Smile, you’re travelling

Woke up somewhere in the vicinity of 5am and stayed in the van for a little while before making coffee, porridge and more coffee. Took a drive of the local area and checked out the nearest town, replete with second hand “antique” stores, and the usual tourist tat.

Picked up yet another travel book, I’m in the final chapters of Henry Rollins Smile, You’re Travelling, the last in the most enjoyable Black Coffee Blues trilogy. I like his journaling, his straight talk and dry humour. I think all travellers should read these books instead of the usual dross. I think too many people travel and spend their time with their mouths perpetually spewing bollocks instead of seeing and listening.

Followed the coast round to Dungeness in the afternoon, one of my favourite desolate beach spots in the south, a handful of windsurfers and walkers and that’s about it. I guess the pebble beach isn’t comfortable for sun lounging alcoholics and doesn’t look cool on Instagram either. Great to walk along the coastline without spent booze receptacles and dog shit.

Will shortly get my lazy ass out of this camping chair, collect a fire pit from the site owners and get some meat on the grill. There’s also some Goose Midway tempting me on the table just out of reach.

First camping trip for an age

After much frustration the little Mazda Bongo is back to somewhere near reliable (no vanishing coolant) and I’m now out in the east Sussex countryside at a basic campsite. Camping with a van is a breeze, there’s no hardship and after unpacking a few bits you’re set.

The camp site here is fine, great views of some hills and the sound of birdsong. One tap with fresh water, unfortunately located a bit to near of the pissy portaloos but that’s life. It’s Van life, this ain’t Van Halen.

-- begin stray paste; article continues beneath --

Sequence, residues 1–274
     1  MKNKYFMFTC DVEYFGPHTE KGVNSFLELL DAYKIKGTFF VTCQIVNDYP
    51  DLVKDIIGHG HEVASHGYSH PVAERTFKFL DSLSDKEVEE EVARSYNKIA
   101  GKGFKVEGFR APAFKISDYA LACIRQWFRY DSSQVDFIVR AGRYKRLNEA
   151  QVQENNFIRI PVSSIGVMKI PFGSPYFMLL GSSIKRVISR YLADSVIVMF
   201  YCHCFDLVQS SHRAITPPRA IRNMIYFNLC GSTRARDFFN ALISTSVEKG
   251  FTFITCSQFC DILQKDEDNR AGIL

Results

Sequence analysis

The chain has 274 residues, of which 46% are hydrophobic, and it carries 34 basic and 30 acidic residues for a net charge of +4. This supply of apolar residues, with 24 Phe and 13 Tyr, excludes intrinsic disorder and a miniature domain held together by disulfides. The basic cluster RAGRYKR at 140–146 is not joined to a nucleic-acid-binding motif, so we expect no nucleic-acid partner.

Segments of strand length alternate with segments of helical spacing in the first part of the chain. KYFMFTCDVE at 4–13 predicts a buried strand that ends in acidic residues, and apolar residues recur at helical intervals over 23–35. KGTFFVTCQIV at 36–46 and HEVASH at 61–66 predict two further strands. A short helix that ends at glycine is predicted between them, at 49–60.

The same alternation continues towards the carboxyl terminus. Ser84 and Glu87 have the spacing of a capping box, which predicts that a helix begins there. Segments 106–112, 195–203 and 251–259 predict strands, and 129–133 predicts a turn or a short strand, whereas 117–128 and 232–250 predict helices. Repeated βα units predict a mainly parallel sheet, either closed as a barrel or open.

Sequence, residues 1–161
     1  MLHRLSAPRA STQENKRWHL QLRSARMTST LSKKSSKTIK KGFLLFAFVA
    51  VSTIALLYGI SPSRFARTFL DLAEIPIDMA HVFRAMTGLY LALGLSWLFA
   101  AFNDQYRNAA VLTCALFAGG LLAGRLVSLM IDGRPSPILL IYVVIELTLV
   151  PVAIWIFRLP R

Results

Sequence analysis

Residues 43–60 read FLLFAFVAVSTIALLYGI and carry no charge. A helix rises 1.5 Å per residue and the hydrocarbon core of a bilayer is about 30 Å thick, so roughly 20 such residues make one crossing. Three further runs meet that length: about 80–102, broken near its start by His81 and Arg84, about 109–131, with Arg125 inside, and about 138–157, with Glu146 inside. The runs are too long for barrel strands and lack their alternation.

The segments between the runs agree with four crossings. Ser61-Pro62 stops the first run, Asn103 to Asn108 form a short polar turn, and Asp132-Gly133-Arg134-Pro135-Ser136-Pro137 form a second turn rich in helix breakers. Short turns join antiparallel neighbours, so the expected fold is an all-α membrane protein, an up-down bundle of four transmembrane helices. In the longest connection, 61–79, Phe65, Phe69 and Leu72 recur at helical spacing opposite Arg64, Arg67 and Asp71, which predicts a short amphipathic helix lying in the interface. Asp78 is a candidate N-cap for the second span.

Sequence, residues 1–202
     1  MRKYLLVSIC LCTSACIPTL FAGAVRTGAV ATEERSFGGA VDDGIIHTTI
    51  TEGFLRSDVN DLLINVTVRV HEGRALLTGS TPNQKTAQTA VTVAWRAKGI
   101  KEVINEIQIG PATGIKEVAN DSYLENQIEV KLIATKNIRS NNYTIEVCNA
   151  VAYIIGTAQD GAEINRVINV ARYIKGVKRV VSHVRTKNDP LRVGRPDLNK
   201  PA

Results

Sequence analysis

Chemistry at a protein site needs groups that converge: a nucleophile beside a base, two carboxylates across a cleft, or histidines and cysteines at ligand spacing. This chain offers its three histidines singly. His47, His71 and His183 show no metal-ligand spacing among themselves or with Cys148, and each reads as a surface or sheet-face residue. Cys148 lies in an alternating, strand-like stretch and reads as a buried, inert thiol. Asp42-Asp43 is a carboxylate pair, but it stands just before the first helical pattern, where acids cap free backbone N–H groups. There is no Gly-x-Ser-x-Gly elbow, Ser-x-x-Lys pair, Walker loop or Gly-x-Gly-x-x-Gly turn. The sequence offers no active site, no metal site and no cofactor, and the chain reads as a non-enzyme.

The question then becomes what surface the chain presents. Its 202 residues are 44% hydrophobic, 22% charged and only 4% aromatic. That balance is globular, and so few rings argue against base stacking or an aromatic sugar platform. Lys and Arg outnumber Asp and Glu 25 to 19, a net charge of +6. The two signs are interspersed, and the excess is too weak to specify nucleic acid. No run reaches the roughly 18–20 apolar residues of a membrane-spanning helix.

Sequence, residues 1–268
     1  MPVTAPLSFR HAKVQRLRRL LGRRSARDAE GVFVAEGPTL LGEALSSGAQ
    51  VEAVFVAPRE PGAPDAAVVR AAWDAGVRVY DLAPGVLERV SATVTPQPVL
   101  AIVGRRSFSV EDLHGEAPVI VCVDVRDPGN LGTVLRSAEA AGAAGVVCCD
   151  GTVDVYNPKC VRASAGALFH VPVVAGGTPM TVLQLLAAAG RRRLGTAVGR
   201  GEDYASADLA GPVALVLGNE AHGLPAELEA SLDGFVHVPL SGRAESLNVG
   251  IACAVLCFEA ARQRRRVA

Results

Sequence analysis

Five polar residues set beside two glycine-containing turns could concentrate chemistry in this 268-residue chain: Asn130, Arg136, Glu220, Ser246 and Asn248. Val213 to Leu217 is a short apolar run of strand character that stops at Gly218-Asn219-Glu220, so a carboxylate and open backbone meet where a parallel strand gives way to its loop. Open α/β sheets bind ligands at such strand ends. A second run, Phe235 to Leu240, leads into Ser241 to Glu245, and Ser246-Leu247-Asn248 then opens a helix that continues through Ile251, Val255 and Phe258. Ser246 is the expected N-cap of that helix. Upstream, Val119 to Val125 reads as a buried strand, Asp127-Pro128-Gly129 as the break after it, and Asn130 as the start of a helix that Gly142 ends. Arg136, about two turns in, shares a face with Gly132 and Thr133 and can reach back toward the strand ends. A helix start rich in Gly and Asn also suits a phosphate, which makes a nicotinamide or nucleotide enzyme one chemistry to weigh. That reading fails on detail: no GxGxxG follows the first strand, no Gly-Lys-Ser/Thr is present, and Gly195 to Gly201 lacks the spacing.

Still thinking about future motorcycle trips, considering how I’ll be going basic and light, without the comfort of four wheels and a roof, back to a tent, roll mat and sleeping bag. There was also a biblical rainstorm on the way here, I wonder how that will be on two wheels.

Wednesday 19th August. London.

I’m sat at the little kitchen table on the bar stool which I’ve discovered is a comfortable place to sit and write. There is finally some rain in this part of London and it’s nice to hear and long overdue. I’m still waiting on the bike to be delivered, but in the meantime I’ve found some work to top up the bank account, and I’ve been reading travelogues. I nailed Henry Rollins’ Do I Come Here Often?, the follow on to Black Coffee Blues in about a day. I’ve also started on the third book in the series – Smile, You’re Travelling. Also on the go I have the fascinating Year of Living Danishly by Helen Russell which is also nearly done. These books are superb and not helping my itchy feet. It will probably need to wait now until next year, but I would like to cross the chanel and ride through Holland and in to Scandinavia. Also I will need to get my full license to ride a bike in Europe. I need to make proper plans, but as you may guess from the title of this blog, I’m not exactly a planner, more of an impulsive and spontaneous traveller.

There’s also the matter of the flat to finish. There are freshly plastered ceilings that need painting, repaired walls that need sanding (and then painting) and probably lots more crap to dispose of to reach minimalist utopia.

The photo I’ve used is a typical street scene from Vietnam, taken in Hanoi.

Thirst never quenched